There’s too much information to consume. We need to be tactical about advice we take. Why give any of your time to someone horrible?
“But, Jim”, you say. “If the person is giving good advice it doesn’t matter whether or not they’re a bad human being.”
Do you really want to be that person’s editor, searching for the good content in the bad? Whatever good advice you find is aligned with their philosophy. If you don’t agree with their philosophy, you’re going to need to hear that same advice from multiple people before you can trust it.
For instance, why is James still in the news? Who is taking his advice?
I don’t remember where I first heard of him, but I realized his advice wasn’t for me after reading a profile on him that I can’t find. (I’ll never find the original article. His SEO game is on point) There are two stories I distinctly remember. When James’s first child was born he would wake up early and go hide in a coffee shop. I can find some proof of this story in this Mixergy transcript. James is very proud of the second story. He secured a funding letter of intent for an idea without the implementation or the ability to ever implement it. He then negotiated a deal to buy a company in that idea-space and used that company as an asset to raise money.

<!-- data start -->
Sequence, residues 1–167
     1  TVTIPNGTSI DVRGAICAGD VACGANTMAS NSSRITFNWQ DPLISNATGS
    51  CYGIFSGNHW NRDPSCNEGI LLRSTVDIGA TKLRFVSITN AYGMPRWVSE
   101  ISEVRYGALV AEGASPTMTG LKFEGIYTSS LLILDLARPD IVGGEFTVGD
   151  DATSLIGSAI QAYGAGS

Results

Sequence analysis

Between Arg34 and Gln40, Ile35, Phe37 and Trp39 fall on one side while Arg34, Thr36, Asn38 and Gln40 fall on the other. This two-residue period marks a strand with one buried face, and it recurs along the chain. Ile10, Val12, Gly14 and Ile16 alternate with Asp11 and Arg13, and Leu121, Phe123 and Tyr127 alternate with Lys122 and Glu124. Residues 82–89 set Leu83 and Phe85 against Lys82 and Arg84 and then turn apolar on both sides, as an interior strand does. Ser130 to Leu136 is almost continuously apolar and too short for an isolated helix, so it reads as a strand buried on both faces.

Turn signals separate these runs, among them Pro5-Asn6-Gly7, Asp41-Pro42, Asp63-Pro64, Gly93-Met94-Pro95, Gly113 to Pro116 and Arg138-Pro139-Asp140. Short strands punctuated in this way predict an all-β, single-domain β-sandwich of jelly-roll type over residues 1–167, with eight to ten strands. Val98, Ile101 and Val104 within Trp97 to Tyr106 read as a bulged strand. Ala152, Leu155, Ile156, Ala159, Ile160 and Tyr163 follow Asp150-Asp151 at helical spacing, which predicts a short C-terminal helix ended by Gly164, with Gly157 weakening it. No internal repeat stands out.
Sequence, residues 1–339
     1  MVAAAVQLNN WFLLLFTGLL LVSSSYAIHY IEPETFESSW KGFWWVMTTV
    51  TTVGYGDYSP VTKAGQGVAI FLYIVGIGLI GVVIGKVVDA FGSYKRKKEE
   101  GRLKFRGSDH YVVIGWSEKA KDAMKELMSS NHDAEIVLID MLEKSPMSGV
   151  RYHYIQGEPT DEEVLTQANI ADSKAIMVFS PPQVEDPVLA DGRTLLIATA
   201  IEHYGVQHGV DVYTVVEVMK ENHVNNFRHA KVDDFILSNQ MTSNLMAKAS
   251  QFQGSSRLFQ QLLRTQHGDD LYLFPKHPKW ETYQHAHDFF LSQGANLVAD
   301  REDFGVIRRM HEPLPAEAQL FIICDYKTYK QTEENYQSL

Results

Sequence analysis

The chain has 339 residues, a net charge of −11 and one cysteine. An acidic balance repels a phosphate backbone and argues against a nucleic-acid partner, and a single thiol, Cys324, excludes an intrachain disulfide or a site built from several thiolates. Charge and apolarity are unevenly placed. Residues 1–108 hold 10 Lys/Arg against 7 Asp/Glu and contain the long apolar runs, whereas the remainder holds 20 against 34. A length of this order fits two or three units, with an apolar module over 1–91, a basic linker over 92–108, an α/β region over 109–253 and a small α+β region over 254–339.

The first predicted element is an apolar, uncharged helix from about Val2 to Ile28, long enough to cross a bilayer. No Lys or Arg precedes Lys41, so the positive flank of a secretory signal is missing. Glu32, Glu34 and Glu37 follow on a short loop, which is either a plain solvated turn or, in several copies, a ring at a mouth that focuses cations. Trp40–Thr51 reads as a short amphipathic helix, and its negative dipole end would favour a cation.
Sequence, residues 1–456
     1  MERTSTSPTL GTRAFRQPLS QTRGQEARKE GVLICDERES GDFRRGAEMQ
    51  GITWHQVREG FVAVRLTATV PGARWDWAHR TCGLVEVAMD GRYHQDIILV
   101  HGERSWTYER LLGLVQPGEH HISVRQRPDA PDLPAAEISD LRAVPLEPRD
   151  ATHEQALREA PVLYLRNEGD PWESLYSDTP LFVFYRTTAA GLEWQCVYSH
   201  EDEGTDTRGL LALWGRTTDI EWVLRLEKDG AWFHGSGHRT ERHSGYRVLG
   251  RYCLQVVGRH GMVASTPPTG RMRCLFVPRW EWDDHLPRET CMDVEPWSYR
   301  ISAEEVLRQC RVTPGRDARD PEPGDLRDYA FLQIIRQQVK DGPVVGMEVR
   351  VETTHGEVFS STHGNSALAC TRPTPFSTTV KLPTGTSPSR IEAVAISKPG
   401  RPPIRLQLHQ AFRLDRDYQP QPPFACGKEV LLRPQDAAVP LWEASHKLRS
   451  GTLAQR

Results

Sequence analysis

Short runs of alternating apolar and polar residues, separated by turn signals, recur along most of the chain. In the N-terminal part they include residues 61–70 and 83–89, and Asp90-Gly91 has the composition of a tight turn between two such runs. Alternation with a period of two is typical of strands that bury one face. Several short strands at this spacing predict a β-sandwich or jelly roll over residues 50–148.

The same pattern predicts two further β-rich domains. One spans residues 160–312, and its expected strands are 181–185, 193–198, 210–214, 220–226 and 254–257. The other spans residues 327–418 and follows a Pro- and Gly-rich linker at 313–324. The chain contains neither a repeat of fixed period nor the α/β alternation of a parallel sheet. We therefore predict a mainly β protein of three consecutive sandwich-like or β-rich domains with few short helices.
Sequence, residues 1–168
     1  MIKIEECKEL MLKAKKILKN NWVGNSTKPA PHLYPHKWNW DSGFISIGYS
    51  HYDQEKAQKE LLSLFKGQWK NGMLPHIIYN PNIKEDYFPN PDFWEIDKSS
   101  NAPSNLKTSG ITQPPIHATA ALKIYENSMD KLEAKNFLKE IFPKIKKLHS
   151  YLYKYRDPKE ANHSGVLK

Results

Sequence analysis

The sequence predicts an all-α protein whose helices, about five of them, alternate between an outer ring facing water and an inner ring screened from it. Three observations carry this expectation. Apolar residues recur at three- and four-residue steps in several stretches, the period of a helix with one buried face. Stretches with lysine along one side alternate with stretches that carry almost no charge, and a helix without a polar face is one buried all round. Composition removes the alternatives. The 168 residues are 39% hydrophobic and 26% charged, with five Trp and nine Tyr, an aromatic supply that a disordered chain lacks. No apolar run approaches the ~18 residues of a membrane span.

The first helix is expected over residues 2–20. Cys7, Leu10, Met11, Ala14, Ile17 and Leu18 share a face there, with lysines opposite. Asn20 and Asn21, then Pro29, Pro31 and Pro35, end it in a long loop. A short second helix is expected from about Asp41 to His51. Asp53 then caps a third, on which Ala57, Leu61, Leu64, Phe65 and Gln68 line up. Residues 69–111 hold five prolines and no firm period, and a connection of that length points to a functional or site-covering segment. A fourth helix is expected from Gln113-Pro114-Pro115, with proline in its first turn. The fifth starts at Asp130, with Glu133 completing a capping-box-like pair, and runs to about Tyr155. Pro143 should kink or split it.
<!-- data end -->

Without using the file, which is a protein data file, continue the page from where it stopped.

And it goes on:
All of his takeaways are wrong. In both stories the true moral is lost on him.
Update: Another Example after Only Eight Days
"Kids who play video games do better as adults"  summarizes the studies that show you should let kids play as many and as much video games as they can stomach 👍 https://t.co/DUNg0pJ7K4— DHH (@dhh) February 9, 2018
I agree that that play time limits are dumb, but Penelope Trunk isn’t the best person to take advice from…